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Obama Touts Nuclear Plant Loan Guarantees as Just a Start

WASHINGTON -- Promising "this is only the beginning," President Obama announced more than $8 billion in federal loan guarantees Tuesday for the construction of the first nuclear power plant in the United States in nearly three decades.

Obama cast his move as both economically essential and politically attractive as he sought to put more charge into his broad energy agenda. Obama called for comprehensive energy legislation that assigns a cost to the carbon pollution of fossil fuels, giving utility companies more incentive to turn to cleaner nuclear fuel.

"On an issue that affects our economy, our security, and the future of our planet, we can't continue to be mired in the same old stale debates between left and right, between environmentalists and entrepreneurs," Obama said in a stop at a job training center outside Washington. "Our competitors are racing to create jobs and command growing energy industries. And nuclear energy is no exception."

Rising costs, safety issues and opposition from environmentalists have kept utility companies from building new nuclear power plants since the early 1980s

Obama has been arguing that the country must develop cleaner energy technologies and modernize the means by which it powers itself. At the same time, he has said that policymakers must not conclude they have to choose between a cleaner environment and sufficient energy supplies to meet demand.

Obama's budget proposal for 2011 would add $36 billion in new federal loan guarantees to $18.5 billion already budgeted but not spent -- for a total of $54.5 billion. The new $8.3 billion in federal loan guarantees will go toward the construction and operation of a pair of reactors in Burke County, Ga., by Southern Co.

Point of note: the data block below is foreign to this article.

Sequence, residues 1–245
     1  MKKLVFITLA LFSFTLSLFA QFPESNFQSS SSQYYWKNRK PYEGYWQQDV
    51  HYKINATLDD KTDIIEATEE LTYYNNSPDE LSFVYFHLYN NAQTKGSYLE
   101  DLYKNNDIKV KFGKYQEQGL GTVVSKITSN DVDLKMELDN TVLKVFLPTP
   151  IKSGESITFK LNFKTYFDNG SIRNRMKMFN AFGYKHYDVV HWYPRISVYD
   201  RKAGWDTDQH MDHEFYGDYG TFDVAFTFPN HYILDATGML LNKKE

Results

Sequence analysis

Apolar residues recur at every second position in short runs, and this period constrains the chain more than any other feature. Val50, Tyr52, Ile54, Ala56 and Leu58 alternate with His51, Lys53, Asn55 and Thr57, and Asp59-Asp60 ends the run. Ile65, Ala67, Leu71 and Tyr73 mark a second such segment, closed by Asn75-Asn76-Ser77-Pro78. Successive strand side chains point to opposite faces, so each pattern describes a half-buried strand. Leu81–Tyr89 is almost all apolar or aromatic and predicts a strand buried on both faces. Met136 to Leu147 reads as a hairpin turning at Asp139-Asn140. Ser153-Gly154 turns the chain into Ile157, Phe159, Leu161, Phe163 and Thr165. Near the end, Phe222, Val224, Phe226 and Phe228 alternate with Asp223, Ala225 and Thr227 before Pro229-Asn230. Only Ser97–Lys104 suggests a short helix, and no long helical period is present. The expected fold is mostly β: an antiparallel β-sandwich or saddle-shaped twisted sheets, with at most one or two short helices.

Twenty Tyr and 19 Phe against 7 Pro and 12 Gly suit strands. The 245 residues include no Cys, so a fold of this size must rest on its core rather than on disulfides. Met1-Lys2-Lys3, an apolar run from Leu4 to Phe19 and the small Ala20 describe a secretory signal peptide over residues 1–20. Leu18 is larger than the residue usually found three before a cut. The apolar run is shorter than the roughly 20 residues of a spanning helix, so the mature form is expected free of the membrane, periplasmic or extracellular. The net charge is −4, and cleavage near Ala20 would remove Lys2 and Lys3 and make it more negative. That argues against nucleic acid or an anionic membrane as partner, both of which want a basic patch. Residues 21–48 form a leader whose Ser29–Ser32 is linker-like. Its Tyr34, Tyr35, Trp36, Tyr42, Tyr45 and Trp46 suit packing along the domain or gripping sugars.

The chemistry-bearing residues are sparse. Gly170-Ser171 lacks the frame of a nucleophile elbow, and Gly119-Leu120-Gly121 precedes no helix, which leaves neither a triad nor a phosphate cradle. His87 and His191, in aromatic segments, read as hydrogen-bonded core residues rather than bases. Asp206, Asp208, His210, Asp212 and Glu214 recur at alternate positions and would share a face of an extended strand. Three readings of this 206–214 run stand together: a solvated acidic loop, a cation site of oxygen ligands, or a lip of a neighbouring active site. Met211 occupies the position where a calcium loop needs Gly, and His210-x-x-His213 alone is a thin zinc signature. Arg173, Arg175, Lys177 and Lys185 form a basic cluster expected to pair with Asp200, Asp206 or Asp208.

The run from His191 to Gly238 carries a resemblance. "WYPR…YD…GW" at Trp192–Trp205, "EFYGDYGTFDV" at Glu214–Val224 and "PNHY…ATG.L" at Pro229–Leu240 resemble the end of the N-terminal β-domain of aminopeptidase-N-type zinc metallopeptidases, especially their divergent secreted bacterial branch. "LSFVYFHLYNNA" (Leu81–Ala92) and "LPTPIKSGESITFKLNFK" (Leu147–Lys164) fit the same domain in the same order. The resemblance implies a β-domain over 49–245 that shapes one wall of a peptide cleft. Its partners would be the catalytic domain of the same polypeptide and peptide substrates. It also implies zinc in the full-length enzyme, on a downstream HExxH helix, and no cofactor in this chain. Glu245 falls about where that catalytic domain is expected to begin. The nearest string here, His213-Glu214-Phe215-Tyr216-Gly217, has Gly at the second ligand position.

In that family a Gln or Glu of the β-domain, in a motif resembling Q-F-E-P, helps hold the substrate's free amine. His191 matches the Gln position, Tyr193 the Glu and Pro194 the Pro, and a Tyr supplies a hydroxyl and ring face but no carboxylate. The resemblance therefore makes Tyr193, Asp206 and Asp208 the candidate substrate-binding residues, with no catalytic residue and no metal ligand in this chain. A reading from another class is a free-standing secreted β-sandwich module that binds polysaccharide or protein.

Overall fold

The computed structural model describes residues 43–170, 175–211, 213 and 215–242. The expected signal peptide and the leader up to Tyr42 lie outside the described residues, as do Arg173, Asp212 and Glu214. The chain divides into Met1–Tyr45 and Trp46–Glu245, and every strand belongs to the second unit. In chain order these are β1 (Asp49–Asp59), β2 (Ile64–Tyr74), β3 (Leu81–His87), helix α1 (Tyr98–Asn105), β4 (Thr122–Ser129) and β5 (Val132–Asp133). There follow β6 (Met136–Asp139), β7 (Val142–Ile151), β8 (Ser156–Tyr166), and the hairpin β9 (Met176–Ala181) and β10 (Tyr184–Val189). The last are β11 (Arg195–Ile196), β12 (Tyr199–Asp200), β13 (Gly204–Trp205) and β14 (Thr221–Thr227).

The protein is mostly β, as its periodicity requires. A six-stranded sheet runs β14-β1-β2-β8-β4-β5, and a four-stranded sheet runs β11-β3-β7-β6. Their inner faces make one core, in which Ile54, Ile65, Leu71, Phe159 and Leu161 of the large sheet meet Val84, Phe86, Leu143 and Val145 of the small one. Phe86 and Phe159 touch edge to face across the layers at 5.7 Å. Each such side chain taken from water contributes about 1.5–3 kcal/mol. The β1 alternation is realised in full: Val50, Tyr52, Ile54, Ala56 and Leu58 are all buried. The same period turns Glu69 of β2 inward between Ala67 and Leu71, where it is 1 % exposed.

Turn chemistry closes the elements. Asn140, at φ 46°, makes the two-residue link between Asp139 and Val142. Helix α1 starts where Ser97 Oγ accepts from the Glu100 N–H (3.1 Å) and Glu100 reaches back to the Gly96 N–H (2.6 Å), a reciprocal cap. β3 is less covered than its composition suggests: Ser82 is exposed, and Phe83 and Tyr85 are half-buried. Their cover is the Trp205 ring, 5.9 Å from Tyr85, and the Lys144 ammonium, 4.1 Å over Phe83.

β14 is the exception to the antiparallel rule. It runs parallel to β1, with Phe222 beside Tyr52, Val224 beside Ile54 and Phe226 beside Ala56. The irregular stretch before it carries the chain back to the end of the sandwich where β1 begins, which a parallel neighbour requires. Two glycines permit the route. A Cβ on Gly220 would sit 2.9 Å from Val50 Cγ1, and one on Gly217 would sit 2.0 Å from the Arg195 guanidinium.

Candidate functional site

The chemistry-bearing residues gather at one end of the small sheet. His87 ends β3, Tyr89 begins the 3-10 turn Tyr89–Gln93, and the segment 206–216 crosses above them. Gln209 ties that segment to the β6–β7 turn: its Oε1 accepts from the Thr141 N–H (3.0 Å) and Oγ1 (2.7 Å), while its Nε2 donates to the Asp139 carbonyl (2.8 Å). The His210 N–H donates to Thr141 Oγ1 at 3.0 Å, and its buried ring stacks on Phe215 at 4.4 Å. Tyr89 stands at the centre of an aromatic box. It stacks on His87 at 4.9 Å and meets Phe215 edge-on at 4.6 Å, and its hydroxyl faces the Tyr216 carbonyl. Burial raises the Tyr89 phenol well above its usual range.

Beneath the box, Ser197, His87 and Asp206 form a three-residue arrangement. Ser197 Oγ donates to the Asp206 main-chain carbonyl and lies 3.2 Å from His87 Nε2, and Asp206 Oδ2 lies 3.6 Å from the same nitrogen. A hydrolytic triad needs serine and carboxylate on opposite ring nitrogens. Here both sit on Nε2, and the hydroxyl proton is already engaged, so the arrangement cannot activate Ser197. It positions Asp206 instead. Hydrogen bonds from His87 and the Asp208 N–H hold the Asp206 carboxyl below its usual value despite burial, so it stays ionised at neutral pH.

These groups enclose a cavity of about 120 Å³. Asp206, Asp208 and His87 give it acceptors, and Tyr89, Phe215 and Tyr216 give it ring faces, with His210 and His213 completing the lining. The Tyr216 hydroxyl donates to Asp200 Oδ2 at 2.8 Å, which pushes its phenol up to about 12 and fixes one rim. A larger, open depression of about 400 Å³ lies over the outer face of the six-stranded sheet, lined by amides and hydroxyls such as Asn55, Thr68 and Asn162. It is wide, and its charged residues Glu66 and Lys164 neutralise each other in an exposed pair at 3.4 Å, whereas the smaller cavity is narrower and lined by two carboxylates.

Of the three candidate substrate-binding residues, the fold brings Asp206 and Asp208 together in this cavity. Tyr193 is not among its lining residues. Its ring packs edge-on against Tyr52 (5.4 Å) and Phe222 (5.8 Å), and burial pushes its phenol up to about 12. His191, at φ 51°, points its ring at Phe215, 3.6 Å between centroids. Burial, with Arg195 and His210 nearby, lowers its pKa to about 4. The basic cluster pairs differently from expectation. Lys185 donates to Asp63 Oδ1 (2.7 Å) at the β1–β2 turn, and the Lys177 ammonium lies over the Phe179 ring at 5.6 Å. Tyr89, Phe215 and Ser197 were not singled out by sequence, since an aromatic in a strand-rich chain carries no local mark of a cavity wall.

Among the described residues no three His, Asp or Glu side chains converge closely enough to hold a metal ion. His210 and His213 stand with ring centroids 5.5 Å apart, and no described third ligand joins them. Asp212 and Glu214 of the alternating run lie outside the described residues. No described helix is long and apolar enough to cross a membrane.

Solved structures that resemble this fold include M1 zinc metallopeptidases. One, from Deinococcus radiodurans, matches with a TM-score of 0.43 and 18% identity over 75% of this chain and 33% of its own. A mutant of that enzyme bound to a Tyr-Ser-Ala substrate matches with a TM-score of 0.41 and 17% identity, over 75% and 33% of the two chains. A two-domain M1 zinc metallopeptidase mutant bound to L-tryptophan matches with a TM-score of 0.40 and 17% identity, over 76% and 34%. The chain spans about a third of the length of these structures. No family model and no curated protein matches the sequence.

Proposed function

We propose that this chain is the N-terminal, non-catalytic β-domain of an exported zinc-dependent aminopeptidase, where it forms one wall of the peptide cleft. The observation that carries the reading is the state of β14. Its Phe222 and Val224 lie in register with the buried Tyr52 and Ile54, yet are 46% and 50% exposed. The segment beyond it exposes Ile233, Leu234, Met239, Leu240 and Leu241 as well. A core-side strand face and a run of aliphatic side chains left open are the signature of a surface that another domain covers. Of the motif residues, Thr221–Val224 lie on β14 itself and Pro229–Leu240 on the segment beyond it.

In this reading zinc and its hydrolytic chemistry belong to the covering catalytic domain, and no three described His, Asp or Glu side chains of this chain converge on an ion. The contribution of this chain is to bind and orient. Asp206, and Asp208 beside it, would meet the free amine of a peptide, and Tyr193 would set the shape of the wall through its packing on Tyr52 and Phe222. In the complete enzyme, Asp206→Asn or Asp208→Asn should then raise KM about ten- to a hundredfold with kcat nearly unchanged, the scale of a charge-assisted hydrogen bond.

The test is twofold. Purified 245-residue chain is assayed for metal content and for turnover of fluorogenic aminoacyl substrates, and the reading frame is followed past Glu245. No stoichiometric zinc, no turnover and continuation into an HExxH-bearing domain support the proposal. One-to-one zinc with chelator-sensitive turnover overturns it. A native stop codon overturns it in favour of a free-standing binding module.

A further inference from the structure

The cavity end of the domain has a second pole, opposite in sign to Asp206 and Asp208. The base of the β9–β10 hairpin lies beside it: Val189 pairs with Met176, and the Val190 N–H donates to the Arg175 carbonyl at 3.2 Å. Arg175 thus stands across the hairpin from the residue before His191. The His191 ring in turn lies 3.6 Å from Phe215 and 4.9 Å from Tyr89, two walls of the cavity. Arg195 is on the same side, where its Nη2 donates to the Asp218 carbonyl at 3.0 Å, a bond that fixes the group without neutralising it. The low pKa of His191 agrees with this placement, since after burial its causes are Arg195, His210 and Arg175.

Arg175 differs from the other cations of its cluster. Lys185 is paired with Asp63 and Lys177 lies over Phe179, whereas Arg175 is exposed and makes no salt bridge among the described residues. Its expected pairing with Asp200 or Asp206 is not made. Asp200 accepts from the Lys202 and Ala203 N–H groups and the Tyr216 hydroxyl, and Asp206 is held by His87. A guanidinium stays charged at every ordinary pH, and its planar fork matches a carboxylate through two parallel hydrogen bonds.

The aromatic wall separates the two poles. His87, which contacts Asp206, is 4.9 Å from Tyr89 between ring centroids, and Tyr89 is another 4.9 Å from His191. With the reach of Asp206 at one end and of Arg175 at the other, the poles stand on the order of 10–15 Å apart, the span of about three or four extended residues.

Even in promoting his case, the president conceded that nuclear energy has "serious drawbacks." He said a bipartisan group of leaders and nuclear experts will be tasked with improving and accelerating the safe storage of nuclear waste, and that the plants themselves must be held to strictest safety standards.

"That's going to be an imperative. But investing in nuclear energy remains a necessary step," Obama said.

"And what I hope is that this announcement underscores both our seriousness in meeting the energy challenge -- and our willingness to look at this challenge not as a partisan issue, but as a matter far more important than politics," he added.

Obama spoke after spending time at the job training center at the headquarters of Local 26 of the International Brotherhood of Electrical Workers. The union represents electrical and telecommunications workers, and it offers training for energy jobs, including the construction of nuclear power plants.

On the tour, Obama met instructors and trainees who are learning advanced electrical skills. At one point, Obama learned about fire alarm wiring and took a chance to pull an alarm himself. He later joked it was the first time he had done that "since junior high."

Federal loan guarantees are seen as essential to spurring construction of new reactors because of the huge expense. Critics say the guarantees are a form of subsidy that will put taxpayers at risk given the industry's record of cost overruns and loan defaults.

The reactors, to be built by the Atlanta-based energy company near Waynesboro, Ga., are part of a White House plan the administration hopes will win Republican support at a time when the public is expressing a desire for lawmakers to work together to solve problems.

Having Obama make the announcement also underscores the political weight the White House is putting behind the effort to use nuclear power and other alternative energy sources to reduce U.S. dependence on foreign oil and other fossil fuels, and create jobs at home.

But construction of the reactors -- and the jobs the project is expected to create -- are years away.

Southern Co.'s application for a license to build and operate the reactors is pending with the Nuclear Regulatory Commission, one of 13 such applications the agency is considering. The earliest any could be approved would be late 2011 or early 2012, an NRC spokesman said.

Southern Co. says the Georgia project would create about 3,000 construction jobs, while the new reactors would generate power for about 1.4 million people and permanently employ 850 people.

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